I have a whole set of data on [0,T] with an observation variable y(t), and a feature x(t), the two being univariates with no missing data.

For a given period [t, t+h], I am applying a dynamic linear regression:

y(t) = a(t) + b(t) * x(t) + w(t)   
a(t) = a(t-1) + w_a(t)
b(t) = b(t-1) + w_b(t)

Where w, w_a, w_b are the variance of the last term on these 3 lines (following a centered normal distribution).

What matters is that for window [0, h], I normalize my data (x, y) - aka zero mean and 1 std - and then will have a series of estimated parameters a and b after maximum likehood estimation:

time   a     b
   0   0     0
   1   0.41  0.72
   h-1 0.432 0.55
   h   0.435 0.567

I am interested in the last couple a(h), b(h) giving the intercept and the slope.

Then I take as training set x(1), x(2) ... x(h+1) and y(1), y(2), .., y(h+1), normalize thse two series, and have as well some best estimations for the parameters a and b. I take parameters a(h+1) and b(h+1).

And so on. By rolling the window, I thus have a set of slopes b(h), b(h+1), ..., b(T) and intercept a(h), a(h+1), ..., a(T)

However the normalization differs between each rolling windows. So that I am not sure at all it is a good way to deduce some behaviour about the time series a and b of the "last estimation".

What would be the best method:

  • still perform some analysis on a and b timeseries despite (x,y) normalisation is different on each window?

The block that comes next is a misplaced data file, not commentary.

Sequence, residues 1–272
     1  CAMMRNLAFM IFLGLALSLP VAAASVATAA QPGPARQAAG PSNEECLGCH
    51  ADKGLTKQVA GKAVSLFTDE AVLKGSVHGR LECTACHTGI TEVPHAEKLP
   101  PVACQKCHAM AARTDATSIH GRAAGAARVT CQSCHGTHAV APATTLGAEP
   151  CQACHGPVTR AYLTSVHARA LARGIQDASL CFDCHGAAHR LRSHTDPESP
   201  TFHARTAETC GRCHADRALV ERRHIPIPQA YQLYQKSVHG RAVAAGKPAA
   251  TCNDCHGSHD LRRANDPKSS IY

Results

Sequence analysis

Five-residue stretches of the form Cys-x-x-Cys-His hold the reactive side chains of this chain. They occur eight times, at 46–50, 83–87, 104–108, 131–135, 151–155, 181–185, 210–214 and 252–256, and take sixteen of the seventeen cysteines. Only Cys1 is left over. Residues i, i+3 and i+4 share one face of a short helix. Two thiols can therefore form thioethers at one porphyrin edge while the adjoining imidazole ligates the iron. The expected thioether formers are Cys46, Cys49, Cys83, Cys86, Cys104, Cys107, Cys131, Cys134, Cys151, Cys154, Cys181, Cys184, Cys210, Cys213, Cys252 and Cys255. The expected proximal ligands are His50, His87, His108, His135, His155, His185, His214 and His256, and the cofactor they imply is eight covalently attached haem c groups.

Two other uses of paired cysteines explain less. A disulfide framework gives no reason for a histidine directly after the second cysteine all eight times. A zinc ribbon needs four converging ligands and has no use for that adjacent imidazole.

• apply the above by normalizing the data on each window [t, t+h] with the means/std of y and x on [0, T]?

  • applying the above without normalizing the data?
  • $\begingroup$ What do you mean by "normalize"? Are a(t) and b(t) OLS estimates based on $\{ (y_i,x_i), i \le t \}$, or something else? What's the purpose of this whole exercise? $\endgroup$ – StasK Jul 24 '17 at 18:30
  • $\begingroup$ By normalize I mean that I take each dataset on the window [t, t+h], where t goes over [0,T-h] and I retrieve the mean/divide per the std on each window. I edited the question since you're right, it's unclear. $\endgroup$ – Colonel Beauvel Jul 25 '17 at 8:14
  • $\begingroup$ Why do you want/need to normalize? For situations like these, where you need to change the sample, it seems really counterproductive. (May be you can go back and edit again :) ). $\endgroup$ – StasK Jul 25 '17 at 19:05
  • $\begingroup$ I should have mentionned that if I do not normalize, there are some numerical errors in optim in R dlm package. Indeed Y and X have different magnitude (Y around 100000 and X around 300). $\endgroup$ – Colonel Beauvel Jul 26 '17 at 7:46
  • $\begingroup$ Normalize by a fixed constant, then. Divide Y by 100000 and X by 300. $\endgroup$ – StasK Aug 2 '17 at 2:35

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